Wednesday, February 8, 2017


Warning: This is mostly, but not exclusively, a post about beautiful food. If you are hungry, this is going to make things worse.  If you are on a diet, this will do you in. If your fridge is empty, you'll feel a sudden urge to go grocery shopping.

Don't say I didn't warn you.

On the last day of our cruise, we tried to take advantage of what Princess had to offer on board the ship. There were some beautiful food creations:

Like all good cruise passengers, we ate far too much:

In addition, on the last day of our cruise the skies were finally blue, at least for a little while:

Overall, this was a nice cruise with incredible scenery and some great ports. We liked our room and the service was impeccable, but we were not overly impressed by the entertainment on board the ship, and the food was good but not as good as some of the other cruises we have been on (including another Princess cruise). I wonder if we are just getting jaded?

As we began to near our deportation site in Vancouver, Canada, clouds began to roll in again:

The cruise ship dock in Vancouver is close to downtown:

This was our second visit to the city, the first having been over 20 years ago on a trip with all our children. Yeah, it was much easier without the kids, and I have decided that I love Vancouver.

A public library and thrift store sharing space? Cool!

We had a list of things we wanted to see. We picked up a rental car and headed for the first: Granville Island Public Market. Between our parking place and the market, we saw something interesting poking out of what looked like an industrial area:

These 70-foot-tall silos were turned into a piece of public art by identical twin Brazilian artists who call themselves "Osgemeos," the Portuguese word for "twins." The artwork is part of a global series called "Giants." This piece was created for the 2014 Vancouver Biennale and is one of my favorite pieces of public art anywhere. It's so huge and colorful, so startling to come upon. The droll faces and funky clothing of the giants are quite unique:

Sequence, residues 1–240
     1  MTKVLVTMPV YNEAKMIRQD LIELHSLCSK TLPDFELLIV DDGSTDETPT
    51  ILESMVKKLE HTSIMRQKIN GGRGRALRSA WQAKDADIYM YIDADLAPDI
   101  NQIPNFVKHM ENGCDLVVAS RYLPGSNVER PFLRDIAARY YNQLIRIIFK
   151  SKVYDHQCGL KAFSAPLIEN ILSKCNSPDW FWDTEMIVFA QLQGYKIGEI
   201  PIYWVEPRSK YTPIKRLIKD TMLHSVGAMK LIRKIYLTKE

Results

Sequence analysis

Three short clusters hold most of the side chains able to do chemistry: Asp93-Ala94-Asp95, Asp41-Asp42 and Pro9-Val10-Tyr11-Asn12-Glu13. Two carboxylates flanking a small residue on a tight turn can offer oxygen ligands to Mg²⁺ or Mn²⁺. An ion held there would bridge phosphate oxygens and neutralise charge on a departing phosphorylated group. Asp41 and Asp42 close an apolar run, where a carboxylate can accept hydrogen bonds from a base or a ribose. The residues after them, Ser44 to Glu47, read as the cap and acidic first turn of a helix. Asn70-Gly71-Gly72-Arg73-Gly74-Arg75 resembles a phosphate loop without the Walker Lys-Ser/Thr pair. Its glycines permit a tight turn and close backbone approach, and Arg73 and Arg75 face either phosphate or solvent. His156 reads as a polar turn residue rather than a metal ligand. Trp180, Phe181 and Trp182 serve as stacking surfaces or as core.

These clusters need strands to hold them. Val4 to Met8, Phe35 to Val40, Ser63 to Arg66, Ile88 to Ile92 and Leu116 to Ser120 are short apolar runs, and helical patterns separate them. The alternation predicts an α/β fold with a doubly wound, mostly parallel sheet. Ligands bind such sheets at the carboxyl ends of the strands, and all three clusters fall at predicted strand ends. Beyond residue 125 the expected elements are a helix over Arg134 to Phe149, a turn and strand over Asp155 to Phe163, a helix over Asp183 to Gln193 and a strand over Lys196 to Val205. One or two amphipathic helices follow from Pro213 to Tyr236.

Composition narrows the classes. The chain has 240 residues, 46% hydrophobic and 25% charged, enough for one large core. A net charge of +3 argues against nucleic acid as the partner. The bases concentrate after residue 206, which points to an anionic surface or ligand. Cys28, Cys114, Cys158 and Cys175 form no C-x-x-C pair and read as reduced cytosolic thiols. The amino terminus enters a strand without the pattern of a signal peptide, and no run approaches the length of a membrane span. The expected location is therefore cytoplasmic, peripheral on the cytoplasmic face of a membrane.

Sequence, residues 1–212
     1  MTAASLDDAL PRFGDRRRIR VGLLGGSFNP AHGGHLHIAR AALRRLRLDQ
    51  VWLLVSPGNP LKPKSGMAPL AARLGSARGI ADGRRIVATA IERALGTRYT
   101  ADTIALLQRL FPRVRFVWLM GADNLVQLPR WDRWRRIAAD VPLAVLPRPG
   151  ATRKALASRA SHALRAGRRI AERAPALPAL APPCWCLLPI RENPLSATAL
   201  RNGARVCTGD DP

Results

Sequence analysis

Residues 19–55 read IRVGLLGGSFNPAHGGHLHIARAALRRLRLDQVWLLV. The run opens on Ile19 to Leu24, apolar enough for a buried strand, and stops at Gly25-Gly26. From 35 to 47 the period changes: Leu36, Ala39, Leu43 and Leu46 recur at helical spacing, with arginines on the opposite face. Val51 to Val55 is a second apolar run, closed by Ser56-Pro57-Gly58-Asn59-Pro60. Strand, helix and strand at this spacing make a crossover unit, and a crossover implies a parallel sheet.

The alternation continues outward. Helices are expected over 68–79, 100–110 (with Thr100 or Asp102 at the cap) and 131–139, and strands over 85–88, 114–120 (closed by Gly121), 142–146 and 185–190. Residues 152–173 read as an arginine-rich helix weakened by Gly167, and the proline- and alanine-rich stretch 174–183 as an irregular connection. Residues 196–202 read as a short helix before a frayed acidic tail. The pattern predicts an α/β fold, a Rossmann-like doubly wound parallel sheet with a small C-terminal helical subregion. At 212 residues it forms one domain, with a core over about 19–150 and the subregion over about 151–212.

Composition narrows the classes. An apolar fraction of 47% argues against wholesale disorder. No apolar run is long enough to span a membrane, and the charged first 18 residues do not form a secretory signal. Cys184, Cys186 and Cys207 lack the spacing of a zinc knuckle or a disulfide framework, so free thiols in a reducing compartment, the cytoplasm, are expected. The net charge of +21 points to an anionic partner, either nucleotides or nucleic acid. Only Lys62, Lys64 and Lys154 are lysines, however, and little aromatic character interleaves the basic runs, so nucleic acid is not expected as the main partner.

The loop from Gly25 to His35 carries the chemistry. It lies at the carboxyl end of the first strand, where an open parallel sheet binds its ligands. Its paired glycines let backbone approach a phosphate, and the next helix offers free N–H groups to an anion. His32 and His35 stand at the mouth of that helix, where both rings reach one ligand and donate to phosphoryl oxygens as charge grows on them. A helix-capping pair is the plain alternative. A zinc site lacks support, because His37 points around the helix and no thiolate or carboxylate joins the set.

Something else I've never seen before: A bicycle valet!

Aha! the famous Granville Island Public Market! It is full of farm products, restaurants, and artists' booths. This is our kind of shopping mall:

I don't think I've ever seen so much beautiful food gathered in a single building:

Let's start with the fruits and vegetables:

The variety of meats and fish made my carnivorous husband's mouth water:

There was an incredible array of cheeses and olives:

Loaf after loaf of bread--it almost looked like a shop in France:

Enough pasta for a small Italian village:

A passel of pastries:

Ahhh....macarons! I swear we had teleported to France:

To be a truly worthy shopping place, there must be a good amount of chocolate . . .

. . . and gelato:

Looking at all this food made us really, really, REALLY hungry. We began with some artisan pizza:

Where better to satiate our appetites than at the local crepe shop?

Just remembering this Nutella and banana crepe activates my salivary glands:

Need a break from all this food? Me too. Here you go:
Okay, now back to the food.

Finally, while not in the Public Market, The Lobster Man is close by and deserves to be included in this post about beautiful food:

Poor Bob. Shellfish everywhere, but no stove to cook them on. It just about broke his heart:

I'm sorry if you put on five pounds reading this post.  I warned you!


  1. Granville Island Public Market is the best of its kind we've seen. Better even than the Pike Street Market in Seattle. Lots of great food choices, and not just fish.

  2. Five pounds? How about 50? Incredible! And gelato too!!